Why Coke is defending sweeteners in an ad campaign
Newly produced Coca-Cola soft drink bottles on an assembly line at a Coca Cola bottling plant in Clamart, near France.
Soft drinks have had a rough go of it lately. New York tried to ban them. Many schools are getting rid of them. Both Coke and Pepsi have promoted diet soda as a healthier option. But the sugar substitutes in them may not be so great for you, either. Tomorrow Coca-Cola starts a new ad campaign in defense of aspartame.
Susan Swithers is a professor at Purdue. She recently looked at several big studies of people who drank diet soda over a period of 20 to 25 years and found that people who drink as little as one diet soda a day "have increases in the risk not only for overweight and obesity, but also for diseases like type II diabetes, coronary heart disease, metabolic syndrome, high blood pressure and stroke."
It's research like this that beverage consultant Tom Pirko says is shaking the foundation of America's soda belief system. "The real issue here is whether or not Americans still buy into the religion of soft drinks in general. "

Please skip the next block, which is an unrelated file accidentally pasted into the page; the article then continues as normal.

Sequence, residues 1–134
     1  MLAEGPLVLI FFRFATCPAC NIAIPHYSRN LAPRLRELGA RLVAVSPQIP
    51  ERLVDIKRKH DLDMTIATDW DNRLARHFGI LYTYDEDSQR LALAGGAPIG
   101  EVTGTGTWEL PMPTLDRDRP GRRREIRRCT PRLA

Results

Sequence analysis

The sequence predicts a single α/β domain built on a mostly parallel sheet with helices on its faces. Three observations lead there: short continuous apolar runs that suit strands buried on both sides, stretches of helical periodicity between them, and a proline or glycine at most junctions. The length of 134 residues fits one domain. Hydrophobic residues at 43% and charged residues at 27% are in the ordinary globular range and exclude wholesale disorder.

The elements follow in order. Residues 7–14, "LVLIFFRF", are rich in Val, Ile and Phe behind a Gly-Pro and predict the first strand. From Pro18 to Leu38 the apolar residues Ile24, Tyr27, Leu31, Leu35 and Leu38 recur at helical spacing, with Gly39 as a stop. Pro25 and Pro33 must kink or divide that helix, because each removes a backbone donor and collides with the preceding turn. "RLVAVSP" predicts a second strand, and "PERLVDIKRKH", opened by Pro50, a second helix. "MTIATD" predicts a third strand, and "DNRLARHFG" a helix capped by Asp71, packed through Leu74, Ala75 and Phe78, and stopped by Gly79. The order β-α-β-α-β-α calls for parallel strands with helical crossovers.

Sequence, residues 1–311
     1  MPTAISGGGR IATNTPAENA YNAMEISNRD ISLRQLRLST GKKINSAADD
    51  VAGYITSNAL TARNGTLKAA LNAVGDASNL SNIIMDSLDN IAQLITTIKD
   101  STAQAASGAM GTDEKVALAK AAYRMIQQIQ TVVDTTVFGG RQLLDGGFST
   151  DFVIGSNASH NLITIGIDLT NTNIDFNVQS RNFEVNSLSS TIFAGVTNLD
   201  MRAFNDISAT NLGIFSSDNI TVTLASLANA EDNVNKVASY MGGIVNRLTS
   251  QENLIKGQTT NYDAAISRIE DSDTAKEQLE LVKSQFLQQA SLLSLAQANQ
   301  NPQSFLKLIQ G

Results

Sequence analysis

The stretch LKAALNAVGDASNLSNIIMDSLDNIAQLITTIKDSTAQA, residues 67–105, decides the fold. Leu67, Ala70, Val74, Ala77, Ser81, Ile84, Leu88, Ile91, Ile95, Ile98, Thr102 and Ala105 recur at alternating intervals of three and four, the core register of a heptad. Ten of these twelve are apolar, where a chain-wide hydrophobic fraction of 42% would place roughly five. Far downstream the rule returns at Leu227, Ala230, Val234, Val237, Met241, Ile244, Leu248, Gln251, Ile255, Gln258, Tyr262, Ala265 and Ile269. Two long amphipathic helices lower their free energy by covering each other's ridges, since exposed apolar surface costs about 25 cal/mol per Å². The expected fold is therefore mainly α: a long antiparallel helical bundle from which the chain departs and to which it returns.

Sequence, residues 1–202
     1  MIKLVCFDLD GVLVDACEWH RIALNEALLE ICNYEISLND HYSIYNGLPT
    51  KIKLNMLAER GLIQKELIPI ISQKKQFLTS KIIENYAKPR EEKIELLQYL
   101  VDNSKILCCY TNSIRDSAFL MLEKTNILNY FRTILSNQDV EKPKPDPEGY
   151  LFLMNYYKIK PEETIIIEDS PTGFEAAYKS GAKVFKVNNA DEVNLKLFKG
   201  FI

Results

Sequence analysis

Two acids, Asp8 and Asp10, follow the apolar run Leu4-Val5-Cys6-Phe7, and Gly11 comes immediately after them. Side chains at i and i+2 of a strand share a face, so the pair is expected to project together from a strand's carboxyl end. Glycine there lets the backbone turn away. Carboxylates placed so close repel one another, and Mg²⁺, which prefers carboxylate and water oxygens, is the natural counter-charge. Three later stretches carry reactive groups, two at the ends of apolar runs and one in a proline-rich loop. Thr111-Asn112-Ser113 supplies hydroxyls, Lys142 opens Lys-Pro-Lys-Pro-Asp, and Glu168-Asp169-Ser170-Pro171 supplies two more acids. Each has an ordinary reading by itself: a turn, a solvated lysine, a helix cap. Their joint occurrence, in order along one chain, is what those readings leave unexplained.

Pirko believes that as long as we continue to see a shift away from the belief that soft drinks are wonderful, safe and pleasurable, the beverage industry will continue to go on the offensive. "They have to dig in now and dig in deeply to try and control this before Americans stop believing in soft drinks."
Coke's new ad campaign is designed to do just that. It points out that aspartame is one of the most studied ingredients on the planet and the FDA has approved its use in over 6,000 products.
What the industry is trying to do, says Pirko, "is create a psychological marker to say that we have the scientific evidence to say that aspertame in particular is regulated and has proven to be safe."
Diet soda sales are declining even faster than regular soda. Not only because of health concerns about aspartame, but because diet sodas simply aren't working for consumers, says Pirko. "They switch over to diet and yet their waistlines continue to expand."